In this way, candidates' social identity transformed from a competitive advantage when they applied or were courted to apply, to "non-factor" during the review phase, with "many faculty members having different -- albeit still color-blind -- perspectives on considering identity.”

White-Lewis uses the term “color-convenience” to describe a perspective -- espoused by participants -- that is not quite "color-blindness," but "rooted in ideals of administrative compliance and egalitarianism." 

Methods and Results

For his study, White-Lewis gained access to four search committees looking to hire early-career professors, all at the same unnamed university. The committees spanned four divisions: social sciences, humanities, life and behavioral sciences, and the physical sciences. He conducted semistructured interviews with 23 faculty members, chairs and deans involved in the searches and studied related search documents.

All search committee participants were interviewed twice, once after formation of a candidate short list and once against after department votes for candidates. Questions pertained to department features, judgments based on characteristics committee members believe made applicants highly fit, poorly fit and borderline, and to considerations of racial and ethnic diversity in hiring.

Determined that faculty fit merits more than a Potter Stewart-style approach (the late U.S. Supreme Court justice famously said he knew obscenity when he saw it), White-Lewis found evidence of fit assessments across the various disciplines he studied. But the assessments were limited to subject matter expertise and the department’s research infrastructure.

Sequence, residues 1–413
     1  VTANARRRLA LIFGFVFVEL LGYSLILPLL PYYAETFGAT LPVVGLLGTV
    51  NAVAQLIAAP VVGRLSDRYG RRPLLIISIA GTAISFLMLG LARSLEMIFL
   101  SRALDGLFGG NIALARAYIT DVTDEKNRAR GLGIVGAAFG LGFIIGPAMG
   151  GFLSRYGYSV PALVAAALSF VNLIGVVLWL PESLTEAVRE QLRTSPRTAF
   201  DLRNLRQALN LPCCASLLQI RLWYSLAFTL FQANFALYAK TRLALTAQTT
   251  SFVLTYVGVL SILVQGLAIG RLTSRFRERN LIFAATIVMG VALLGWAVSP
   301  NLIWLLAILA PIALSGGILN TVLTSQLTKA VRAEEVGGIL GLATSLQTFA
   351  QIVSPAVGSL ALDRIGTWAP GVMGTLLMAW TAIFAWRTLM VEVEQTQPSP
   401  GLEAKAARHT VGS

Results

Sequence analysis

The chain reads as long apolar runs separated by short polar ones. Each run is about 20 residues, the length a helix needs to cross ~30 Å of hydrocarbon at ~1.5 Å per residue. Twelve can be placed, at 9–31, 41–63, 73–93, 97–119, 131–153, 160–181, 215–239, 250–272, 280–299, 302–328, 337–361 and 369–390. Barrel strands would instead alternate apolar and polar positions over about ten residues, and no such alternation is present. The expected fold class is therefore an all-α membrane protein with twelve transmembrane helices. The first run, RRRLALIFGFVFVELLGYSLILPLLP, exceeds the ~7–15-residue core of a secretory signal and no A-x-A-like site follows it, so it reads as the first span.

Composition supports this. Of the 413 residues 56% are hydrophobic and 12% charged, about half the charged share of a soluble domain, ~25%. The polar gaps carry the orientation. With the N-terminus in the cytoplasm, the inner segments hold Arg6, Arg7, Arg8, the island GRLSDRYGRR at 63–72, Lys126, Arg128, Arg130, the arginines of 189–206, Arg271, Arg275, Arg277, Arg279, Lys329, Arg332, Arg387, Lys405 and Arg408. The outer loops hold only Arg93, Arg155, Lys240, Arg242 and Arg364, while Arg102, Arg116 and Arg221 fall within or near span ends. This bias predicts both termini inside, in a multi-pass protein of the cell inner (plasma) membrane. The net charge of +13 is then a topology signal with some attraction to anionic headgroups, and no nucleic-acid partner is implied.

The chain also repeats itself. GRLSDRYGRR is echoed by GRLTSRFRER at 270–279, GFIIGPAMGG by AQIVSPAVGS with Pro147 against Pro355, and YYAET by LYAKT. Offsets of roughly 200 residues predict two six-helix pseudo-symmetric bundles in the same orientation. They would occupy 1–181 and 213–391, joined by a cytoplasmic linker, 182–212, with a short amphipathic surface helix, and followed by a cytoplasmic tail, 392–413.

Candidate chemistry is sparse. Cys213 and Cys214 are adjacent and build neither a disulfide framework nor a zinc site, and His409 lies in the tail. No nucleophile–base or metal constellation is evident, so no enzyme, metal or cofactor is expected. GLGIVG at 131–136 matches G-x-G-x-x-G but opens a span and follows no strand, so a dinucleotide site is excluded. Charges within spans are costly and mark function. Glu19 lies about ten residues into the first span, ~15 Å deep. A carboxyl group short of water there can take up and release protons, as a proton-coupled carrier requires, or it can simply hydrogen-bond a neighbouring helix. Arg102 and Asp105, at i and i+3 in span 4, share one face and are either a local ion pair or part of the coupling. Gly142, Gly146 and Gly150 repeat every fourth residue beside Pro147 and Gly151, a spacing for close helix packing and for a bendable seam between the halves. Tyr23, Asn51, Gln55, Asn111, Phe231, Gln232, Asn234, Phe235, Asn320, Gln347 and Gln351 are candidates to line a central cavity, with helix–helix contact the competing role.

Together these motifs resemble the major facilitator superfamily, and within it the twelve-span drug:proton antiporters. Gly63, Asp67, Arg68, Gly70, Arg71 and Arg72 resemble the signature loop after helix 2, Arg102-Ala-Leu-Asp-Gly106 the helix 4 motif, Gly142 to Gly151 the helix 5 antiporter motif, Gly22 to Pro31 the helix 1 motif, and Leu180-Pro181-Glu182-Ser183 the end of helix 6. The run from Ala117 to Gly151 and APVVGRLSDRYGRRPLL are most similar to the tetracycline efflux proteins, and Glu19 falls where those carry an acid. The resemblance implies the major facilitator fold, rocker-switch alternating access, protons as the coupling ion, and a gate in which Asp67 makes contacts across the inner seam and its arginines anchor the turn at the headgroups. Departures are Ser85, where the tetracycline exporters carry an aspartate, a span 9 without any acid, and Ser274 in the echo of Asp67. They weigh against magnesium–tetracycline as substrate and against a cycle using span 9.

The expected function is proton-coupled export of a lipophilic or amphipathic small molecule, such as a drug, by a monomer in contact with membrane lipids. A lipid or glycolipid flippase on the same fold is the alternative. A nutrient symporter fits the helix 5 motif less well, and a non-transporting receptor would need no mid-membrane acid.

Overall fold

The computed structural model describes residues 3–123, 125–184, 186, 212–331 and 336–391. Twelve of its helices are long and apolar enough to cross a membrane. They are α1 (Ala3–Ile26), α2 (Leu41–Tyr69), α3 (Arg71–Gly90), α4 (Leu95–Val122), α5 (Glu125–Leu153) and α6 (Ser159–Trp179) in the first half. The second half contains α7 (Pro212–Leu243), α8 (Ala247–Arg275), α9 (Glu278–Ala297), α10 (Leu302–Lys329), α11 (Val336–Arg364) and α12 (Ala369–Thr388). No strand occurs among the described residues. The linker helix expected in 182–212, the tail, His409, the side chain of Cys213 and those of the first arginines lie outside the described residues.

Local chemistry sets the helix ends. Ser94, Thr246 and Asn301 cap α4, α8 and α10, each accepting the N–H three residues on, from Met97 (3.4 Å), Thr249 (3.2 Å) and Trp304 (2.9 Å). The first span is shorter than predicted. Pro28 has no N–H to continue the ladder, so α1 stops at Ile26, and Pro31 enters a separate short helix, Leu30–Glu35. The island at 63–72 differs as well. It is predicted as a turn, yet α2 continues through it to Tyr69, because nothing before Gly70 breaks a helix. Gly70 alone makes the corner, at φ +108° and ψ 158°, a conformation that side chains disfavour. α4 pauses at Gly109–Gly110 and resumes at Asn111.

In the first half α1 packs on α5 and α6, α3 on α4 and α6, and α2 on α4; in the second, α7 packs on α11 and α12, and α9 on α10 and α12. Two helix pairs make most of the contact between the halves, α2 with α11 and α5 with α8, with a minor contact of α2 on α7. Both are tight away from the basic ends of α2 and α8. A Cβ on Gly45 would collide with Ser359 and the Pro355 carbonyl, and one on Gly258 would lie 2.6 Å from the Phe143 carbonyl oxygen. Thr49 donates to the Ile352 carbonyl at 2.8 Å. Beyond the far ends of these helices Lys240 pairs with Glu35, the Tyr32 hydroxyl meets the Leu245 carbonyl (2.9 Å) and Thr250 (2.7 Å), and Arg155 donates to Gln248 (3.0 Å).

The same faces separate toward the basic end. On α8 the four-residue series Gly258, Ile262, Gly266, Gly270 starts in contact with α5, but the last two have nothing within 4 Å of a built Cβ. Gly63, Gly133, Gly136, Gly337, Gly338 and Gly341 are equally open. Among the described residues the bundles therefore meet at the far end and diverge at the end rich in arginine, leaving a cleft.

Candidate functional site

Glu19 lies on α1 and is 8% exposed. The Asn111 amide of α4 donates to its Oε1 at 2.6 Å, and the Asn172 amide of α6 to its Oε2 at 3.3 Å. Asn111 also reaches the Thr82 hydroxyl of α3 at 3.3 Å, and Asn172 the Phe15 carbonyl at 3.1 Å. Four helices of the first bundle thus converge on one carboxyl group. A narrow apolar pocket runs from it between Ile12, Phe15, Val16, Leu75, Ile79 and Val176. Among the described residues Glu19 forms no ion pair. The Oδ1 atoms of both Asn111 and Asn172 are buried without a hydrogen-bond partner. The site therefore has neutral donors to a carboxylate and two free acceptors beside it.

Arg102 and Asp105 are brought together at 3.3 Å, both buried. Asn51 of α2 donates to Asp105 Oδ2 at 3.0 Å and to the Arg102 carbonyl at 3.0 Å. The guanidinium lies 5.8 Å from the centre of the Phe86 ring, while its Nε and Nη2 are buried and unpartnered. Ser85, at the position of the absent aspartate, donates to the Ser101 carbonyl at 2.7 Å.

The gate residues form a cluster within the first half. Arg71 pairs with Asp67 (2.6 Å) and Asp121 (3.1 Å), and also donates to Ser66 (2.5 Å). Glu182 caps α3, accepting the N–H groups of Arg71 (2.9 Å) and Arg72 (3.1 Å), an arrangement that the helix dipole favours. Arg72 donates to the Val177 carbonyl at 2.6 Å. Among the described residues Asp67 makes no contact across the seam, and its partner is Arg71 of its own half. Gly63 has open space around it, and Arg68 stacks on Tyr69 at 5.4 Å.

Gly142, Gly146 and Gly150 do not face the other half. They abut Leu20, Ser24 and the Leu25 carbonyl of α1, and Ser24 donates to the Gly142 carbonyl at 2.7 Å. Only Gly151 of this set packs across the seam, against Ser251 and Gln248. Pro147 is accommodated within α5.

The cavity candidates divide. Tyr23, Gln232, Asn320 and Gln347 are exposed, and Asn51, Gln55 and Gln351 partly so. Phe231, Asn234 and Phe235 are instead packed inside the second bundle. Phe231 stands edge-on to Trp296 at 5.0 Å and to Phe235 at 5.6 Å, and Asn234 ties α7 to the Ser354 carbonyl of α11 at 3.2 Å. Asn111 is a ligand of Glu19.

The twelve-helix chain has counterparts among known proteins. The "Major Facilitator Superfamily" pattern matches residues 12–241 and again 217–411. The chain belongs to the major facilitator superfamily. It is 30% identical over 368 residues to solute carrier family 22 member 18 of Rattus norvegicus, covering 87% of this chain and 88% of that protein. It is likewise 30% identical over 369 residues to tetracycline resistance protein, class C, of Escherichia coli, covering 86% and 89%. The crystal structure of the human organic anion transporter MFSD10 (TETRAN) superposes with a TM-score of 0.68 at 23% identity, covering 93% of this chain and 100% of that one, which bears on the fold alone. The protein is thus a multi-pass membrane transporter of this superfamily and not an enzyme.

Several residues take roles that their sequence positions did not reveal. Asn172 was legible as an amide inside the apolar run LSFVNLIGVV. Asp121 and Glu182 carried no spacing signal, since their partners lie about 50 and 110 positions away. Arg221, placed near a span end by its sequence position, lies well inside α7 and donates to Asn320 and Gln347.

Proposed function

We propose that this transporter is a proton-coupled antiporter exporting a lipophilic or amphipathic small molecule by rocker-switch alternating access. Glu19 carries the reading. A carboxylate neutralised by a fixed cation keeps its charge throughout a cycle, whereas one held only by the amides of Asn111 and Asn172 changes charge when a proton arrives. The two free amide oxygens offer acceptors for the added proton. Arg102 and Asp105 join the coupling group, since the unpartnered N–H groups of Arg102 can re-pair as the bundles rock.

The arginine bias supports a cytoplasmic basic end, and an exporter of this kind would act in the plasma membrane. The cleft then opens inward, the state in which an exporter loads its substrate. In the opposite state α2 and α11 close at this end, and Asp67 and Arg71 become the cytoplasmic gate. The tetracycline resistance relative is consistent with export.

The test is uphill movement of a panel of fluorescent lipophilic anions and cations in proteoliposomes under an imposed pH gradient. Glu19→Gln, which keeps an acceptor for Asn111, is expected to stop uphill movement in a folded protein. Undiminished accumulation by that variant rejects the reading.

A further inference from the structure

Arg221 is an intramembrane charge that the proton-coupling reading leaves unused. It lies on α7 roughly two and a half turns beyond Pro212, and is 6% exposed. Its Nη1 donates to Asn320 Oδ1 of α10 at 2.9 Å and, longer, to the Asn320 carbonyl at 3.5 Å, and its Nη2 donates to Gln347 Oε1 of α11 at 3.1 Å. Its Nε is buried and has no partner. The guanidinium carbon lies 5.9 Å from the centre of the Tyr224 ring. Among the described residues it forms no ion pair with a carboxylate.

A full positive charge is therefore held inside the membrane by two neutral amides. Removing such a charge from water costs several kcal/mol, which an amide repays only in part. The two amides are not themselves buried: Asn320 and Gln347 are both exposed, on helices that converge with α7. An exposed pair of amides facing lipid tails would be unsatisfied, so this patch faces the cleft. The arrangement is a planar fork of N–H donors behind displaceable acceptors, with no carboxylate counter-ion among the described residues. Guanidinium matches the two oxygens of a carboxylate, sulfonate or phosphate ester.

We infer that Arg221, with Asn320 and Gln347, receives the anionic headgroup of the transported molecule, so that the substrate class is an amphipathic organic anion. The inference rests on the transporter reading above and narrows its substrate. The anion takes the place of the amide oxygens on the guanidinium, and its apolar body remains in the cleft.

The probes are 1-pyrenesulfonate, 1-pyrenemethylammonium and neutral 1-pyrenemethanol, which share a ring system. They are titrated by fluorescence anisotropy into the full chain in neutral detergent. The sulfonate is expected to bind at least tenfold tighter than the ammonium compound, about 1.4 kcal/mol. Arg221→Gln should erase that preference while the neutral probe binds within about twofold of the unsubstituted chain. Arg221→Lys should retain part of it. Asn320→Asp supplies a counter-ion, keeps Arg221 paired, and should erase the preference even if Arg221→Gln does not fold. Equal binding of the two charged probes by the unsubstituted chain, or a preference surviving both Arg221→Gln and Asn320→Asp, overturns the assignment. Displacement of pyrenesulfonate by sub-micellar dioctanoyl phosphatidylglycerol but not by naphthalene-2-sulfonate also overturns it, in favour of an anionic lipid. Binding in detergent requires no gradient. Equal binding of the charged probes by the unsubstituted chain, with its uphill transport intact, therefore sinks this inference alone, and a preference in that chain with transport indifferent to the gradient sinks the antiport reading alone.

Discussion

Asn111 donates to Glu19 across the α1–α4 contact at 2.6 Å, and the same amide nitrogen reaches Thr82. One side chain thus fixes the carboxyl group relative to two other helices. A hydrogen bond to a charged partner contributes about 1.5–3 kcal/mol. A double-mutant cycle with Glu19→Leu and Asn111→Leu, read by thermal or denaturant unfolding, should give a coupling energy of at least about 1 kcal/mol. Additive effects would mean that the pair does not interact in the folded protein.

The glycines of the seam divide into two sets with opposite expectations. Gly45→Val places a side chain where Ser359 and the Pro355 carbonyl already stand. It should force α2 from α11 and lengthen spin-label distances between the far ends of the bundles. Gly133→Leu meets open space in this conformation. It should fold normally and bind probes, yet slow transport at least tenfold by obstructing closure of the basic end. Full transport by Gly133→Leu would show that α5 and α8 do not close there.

The rest of the candidate winnowing process “lacked sufficient measurement, consensus, and/or relationship to the department, making [for] idiosyncratic preferences rather than criteria-based fit,” White-Lewis wrote. “Fit,” then, shields irregularities and biases throughout the faculty hiring process, and may “perpetuate racial aversion, neutrality and convenience.”

Indeed, White-Lewis found that “racially averse faculty constructed new standards such as ‘impactful’ and ‘narrow’ to evaluate and demerit research credentials, while integrating identity when it was most convenient and least impactful to do so.”

Faculty searches “are as much about the department and faculty than the candidates themselves,” White-Lewis continued, “casting doubt on meritocracy and demonstrating how searches are far less about fit than they are about elevating status, minimizing identity, and mitigating perceived risk for the department.”

Focusing on search committee preferences instead of fit reveals the “entire cast of characters responsible for weeding out otherwise qualified and talented racially minoritized candidates,” he said. That includes aversion to certain “identity-driven research agendas that are considered narrow, perceived collegiality, institutional pedigree, failure to adequately integrate identity into evaluation” and more.

While the study is limited to one institution, White-Lewis said that failing to frame individual departments as primary settings for these kinds of decisions "fails to explain how academic units bound by the same university policies and guidelines -- implicit bias trainings, equity office interventions -- still reach such different faculty diversity outcomes, even when comparing disciplines with similar levels of racial diversity."